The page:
"Triple therapy," involving aspirin, clopidogrel, and warfarin, is becoming increasingly prescribed to patients with acute coronary syndromes, those treated with coronary stents, and those with indications for anticoagulation, such as atrial fibrillation or mechanical heart valves. Few would quibble with the logic of prescribing PPIs in patients treated with both antiplatelet therapy and anticoagulant therapy, as stated in the third above recommendation. While the recommendation of a target INR of 2.0-2.5 in patients treated with "triple therapy," made previously by King et al. in the ACC/AHA 2007 PCI guidelines update, seems reasonable [7], there are few actual data to support this recommendation, and one must assume it does not apply to certain situations such as older mechanical valves (e.g., caged-ball valves), for which higher degrees of anticoagulation are recommended.[8]
A strong rationale is given for the recommendation for testing for and eradication of H. pylori infections in patients with a history of ulcer disease before starting chronic antiplatelet therapy. We are, however, left with the logistic implications of this recommendation. Patients admitted with non-ST-segment elevation acute coronary syndrome (NSTE-ACS) undergo cath and percutaneous intervention within 24-48 hours of admission [9] and are discharged shortly afterward, usually on indefinite aspirin and at least 1 year of clopidogrel. When, during this brief admission, should patients be tested and treatment initiated? Incorporating this recommendation into day-to-day practice will be a challenge to clinicians.
While the document text leaves open certain questions about who is "at risk" and should be treated with PPI, Figure 1 of the document casts a clear and broad net over those who should be treated. In essence, for all patients requiring antiplatelet therapy:
  1. all those with a history of ulcer complication and a history of ulcer disease (even nonbleeding ulcer) should be tested for H. pylori and treated if infected.
  2. all those with a history of GI bleeding, and all those who are to receive dual antiplatelet therapy and/or concomitant anticoagulant therapy, should be treated with a PPI.
  3. all those with more than one risk factor of (1) age ≥60 years, (2) corticosteroid use, and (3) dyspepsia or GERD symptoms should be treated with a PPI.
The above recommendations imply that likely several million patients (at least) should now be screened and, if indicated, treated for H. pylori infection and/or treated with a PPI. Although ACC/AHA guidelines recommend 1 year of dual antiplatelet treatment for patients with ACS and dual antiplatelet treatment for at least 1 year for those treated with drug-eluting stents [10,11], many such patients are treated indefinitely. In addition, millions of patients are prescribed indefinite aspirin therapy for primary and secondary prevention. We are left to ponder whether such patients should be treated indefinitely (for life?) with a PPI and what the economic and perhaps medical consequences of such treatment will be.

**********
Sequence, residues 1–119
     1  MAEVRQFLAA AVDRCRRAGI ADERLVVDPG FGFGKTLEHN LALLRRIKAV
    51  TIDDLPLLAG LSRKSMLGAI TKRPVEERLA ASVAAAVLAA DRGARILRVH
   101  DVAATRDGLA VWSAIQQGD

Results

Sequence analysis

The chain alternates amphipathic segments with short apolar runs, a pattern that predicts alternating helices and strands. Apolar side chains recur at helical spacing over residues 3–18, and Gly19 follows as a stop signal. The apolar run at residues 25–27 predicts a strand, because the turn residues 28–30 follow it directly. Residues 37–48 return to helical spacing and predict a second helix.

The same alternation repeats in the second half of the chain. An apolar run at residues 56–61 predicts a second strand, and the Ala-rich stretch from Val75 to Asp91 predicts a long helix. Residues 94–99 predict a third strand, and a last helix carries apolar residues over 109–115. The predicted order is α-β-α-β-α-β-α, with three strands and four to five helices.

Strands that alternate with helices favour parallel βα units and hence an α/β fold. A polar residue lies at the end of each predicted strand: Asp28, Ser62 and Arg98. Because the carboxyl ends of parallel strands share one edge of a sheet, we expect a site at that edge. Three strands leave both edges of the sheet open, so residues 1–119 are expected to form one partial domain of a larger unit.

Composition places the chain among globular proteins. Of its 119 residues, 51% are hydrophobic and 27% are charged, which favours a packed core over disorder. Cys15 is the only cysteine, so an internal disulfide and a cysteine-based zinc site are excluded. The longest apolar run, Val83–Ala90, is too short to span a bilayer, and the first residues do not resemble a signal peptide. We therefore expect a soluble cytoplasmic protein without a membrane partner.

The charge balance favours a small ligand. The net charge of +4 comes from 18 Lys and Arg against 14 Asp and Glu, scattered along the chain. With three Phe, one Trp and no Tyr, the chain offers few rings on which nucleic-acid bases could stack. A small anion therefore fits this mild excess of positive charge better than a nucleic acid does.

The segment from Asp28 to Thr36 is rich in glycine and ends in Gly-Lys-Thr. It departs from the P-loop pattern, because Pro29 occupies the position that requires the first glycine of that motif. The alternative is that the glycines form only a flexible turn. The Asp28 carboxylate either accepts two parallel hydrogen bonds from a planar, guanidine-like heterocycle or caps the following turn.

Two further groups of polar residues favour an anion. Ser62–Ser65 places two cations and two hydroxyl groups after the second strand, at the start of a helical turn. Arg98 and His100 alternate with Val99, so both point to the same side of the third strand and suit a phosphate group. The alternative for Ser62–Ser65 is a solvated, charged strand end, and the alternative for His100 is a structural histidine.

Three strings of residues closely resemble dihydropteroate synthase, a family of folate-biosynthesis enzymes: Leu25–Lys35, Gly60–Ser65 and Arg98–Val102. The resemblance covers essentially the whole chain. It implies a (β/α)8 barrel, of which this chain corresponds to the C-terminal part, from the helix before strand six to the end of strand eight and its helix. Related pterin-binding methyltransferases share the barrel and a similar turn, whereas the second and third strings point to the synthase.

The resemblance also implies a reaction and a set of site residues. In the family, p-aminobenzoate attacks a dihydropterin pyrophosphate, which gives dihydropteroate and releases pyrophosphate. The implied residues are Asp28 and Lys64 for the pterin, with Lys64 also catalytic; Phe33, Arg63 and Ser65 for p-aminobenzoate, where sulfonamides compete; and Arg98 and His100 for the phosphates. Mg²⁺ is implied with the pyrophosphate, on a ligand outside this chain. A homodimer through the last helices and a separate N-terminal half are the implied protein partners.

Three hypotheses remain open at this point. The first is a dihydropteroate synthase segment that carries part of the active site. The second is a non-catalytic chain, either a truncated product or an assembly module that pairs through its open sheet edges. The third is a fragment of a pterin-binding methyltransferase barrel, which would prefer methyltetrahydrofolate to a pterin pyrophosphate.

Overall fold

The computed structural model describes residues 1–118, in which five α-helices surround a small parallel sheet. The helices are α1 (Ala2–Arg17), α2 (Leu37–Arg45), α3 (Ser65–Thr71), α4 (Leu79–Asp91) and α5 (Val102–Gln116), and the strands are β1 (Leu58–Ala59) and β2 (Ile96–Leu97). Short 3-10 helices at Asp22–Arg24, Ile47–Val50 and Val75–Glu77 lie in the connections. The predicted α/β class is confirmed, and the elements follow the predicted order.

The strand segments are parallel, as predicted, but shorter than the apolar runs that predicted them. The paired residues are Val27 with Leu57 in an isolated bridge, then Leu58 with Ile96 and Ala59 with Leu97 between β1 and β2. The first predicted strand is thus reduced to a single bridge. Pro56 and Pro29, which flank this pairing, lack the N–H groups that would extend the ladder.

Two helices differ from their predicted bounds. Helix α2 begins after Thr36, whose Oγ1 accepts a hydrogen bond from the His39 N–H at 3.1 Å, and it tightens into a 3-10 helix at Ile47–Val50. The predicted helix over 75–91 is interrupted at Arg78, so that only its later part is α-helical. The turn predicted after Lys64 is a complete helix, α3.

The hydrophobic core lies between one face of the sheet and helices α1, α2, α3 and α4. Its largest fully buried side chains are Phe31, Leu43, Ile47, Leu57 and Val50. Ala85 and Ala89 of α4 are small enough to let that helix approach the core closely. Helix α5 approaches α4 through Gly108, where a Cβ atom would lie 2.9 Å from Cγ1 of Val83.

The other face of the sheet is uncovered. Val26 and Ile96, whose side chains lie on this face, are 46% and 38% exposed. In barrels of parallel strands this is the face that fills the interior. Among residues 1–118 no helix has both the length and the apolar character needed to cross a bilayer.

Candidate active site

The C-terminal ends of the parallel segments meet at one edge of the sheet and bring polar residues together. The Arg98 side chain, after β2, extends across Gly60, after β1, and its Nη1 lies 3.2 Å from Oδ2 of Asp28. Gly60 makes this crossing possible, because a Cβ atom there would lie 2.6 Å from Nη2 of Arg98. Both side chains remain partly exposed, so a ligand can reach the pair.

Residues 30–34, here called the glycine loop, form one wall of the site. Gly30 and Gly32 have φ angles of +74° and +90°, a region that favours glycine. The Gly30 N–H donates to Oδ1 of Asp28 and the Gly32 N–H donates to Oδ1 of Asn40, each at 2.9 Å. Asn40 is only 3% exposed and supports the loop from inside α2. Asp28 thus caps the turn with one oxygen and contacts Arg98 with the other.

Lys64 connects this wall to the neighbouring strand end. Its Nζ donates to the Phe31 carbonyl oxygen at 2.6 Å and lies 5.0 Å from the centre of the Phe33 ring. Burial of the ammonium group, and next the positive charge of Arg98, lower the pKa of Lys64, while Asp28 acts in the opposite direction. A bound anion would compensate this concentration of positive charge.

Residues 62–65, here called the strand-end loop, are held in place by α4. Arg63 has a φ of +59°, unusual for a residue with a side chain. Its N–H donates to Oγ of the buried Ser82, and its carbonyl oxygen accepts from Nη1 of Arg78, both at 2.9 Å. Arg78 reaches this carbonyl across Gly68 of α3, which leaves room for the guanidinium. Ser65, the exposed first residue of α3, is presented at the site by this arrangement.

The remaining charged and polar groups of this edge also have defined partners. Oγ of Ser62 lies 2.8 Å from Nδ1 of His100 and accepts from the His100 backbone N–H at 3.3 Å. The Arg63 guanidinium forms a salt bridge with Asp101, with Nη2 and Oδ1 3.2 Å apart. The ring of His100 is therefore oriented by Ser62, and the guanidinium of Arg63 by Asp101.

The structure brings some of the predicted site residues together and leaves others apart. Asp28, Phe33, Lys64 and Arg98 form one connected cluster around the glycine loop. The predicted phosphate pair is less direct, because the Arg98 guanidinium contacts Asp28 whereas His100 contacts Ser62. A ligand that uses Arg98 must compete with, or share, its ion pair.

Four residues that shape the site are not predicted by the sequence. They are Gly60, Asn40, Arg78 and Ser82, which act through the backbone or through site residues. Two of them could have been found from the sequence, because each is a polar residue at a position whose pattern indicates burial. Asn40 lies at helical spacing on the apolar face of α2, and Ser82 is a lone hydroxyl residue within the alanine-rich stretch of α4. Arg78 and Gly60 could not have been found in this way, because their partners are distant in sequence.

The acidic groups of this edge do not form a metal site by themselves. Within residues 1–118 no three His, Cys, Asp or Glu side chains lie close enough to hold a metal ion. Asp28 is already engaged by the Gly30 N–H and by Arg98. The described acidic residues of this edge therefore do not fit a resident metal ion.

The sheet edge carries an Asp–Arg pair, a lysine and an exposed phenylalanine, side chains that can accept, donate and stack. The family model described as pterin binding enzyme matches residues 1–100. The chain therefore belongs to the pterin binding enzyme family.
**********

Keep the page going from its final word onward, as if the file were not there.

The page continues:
An important final statement of the document is that endoscopic therapy may be performed in high-risk cardiovascular patients on dual antiplatelet therapy. Many cases of stent thrombosis are due to the physician-instructed cessation of antiplatelet therapy after stent implantation. Such cessation of therapy in the first weeks after bare metal stent implantation and in the months after drug-eluting stent implantation has clearly been associated with a marked increased risk of stent thrombosis.[11] There are actually very few data supporting the need to discontinue antiplatelet therapy (at least aspirin) before invasive procedures and surgeries, except in such cases as neurosurgical procedures and perhaps some prostatic procedures. While aspirin continuation may modestly increase the rate of bleeding complications, it generally does not increase the severity of bleeding complications.[12,13] While there is clear evidence that the combination of aspirin and clopidogrel increases bleeding complications in patients undergoing the major procedure of cardiac surgery [14,15], there are few data on its effects on less invasive procedures and more minor surgeries. The American Heart Association has recommended that elective procedures requiring antiplatelet therapy cessation should be postponed until at least 1 month after bare metal stent implantation and at least 1 year after drug-eluting stent implantation.[11] Unfortunately, there is no proven strategy of "bridging" patients who have undergone stent implantation when it is felt that antiplatelet therapy must be withheld.[11,16]
The document represents a truly collaborative approach to care of the patient, not just of the coronary artery or upper GI tract, and for this, the writing group members should be commended. What we as practitioners are now faced with is interpreting these recommendations and applying them to day-to-day clinical practice. We may find that while we have become familiar with such terms as dual antiplatelet therapy and triple therapy, we may now have to become familiar with quadruple therapy: aspirin, clopidogrel, warfarin, and a PPI.




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-- The opinions expressed in this commentary are not necessarily those of the editors or of the American Heart Association